4) Both Parents present to hear your children’s responses

Mum and dad are there for them and they can openly and safely express their feelings of sadness, anger and frustrations. They have a sense that both of you will hear their opinions, especially with teenage children. They might disagree and you may have to take time to help them accept your decision.

5)Assurance that living arrangements remain the same

Your children need stability and a sense of security in their lives. You may wish to consider allowing one spouse to live in the same house with the children as before, minimising the disruption to their routines of home life and school. They already have to accept that they will not see mum or dad daily, thus having some normalcy will help them cope better.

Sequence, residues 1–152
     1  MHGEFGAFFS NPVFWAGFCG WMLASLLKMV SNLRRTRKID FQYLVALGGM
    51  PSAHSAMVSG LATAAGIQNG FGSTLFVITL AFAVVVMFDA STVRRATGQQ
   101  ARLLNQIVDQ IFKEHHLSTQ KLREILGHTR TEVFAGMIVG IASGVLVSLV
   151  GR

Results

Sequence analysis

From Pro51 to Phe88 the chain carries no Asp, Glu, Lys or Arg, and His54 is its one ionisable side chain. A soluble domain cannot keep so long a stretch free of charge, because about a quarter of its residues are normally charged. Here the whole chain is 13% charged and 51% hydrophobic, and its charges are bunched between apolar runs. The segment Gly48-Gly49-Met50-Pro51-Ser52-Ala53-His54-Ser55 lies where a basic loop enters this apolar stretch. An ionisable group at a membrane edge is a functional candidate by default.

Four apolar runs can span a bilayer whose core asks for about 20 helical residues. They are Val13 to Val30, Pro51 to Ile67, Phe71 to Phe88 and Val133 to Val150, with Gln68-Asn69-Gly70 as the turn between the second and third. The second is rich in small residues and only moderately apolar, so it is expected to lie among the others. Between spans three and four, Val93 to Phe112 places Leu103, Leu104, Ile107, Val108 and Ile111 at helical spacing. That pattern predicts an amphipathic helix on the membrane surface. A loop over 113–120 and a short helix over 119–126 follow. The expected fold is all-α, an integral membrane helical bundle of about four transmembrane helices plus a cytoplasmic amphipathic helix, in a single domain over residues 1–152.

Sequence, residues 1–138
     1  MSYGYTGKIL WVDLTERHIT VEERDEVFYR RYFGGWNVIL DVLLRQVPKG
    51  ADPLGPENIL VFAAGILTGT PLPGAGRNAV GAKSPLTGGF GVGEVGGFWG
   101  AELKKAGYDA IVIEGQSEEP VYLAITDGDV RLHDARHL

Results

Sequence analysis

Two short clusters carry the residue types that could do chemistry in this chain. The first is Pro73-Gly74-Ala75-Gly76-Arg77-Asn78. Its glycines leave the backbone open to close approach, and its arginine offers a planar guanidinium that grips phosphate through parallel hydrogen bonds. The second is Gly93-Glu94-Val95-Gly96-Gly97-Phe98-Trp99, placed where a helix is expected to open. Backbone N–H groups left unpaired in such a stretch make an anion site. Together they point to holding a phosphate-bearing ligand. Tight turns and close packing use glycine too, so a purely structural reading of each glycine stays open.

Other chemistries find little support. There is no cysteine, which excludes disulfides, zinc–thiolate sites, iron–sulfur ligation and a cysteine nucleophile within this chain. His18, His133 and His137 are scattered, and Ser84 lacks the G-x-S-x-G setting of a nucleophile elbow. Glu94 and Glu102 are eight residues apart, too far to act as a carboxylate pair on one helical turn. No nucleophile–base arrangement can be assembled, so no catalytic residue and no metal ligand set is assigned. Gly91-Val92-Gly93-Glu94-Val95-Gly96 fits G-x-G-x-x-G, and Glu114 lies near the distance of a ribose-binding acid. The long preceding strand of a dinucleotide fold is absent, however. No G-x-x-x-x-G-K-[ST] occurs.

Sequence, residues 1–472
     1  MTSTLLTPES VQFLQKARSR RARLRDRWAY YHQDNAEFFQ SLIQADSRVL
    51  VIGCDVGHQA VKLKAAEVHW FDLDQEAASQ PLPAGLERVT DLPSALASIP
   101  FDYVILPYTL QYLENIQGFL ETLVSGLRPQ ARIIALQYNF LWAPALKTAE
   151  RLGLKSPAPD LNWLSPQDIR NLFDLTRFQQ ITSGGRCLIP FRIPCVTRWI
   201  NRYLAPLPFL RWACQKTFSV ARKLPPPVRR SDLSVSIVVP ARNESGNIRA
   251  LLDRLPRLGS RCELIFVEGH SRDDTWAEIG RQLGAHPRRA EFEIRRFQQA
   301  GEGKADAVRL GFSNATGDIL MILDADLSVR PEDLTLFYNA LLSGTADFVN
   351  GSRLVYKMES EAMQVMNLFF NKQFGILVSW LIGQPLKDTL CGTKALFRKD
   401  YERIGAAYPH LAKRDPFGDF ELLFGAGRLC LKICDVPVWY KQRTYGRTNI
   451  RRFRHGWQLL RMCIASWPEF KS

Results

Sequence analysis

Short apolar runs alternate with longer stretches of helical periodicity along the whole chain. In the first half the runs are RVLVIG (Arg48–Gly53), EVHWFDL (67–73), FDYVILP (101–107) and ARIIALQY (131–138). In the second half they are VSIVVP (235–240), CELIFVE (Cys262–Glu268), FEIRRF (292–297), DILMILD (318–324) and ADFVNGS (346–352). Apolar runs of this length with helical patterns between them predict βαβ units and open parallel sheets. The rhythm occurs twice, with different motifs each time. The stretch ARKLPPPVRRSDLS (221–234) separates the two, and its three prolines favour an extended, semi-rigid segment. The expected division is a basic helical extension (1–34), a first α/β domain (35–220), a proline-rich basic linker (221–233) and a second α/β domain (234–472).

Post Divorce

6) Consistent Parenting style

It is an important factor in co-parenting that parents are consistent in their parenting style so that children will not be confused and insecure.

7) Routine schedule for the children to be with each parent

A routine schedule is assuring to the children and reduces anxiety. It helps them to adapt to their new life. Also, it minimises a sense of rejection and abandonment, affecting their secure attachment needs.

8) Parents are not hostile towards each other

This helps in managing arrangements for co-parenting and sleepovers. Also, children will not be caught up or triangulated in their parent’s continuous fight when they are spending time with their dad or mum. They would be freed from feeling conflicted whom they should help, allowing for quality time spent with each parent.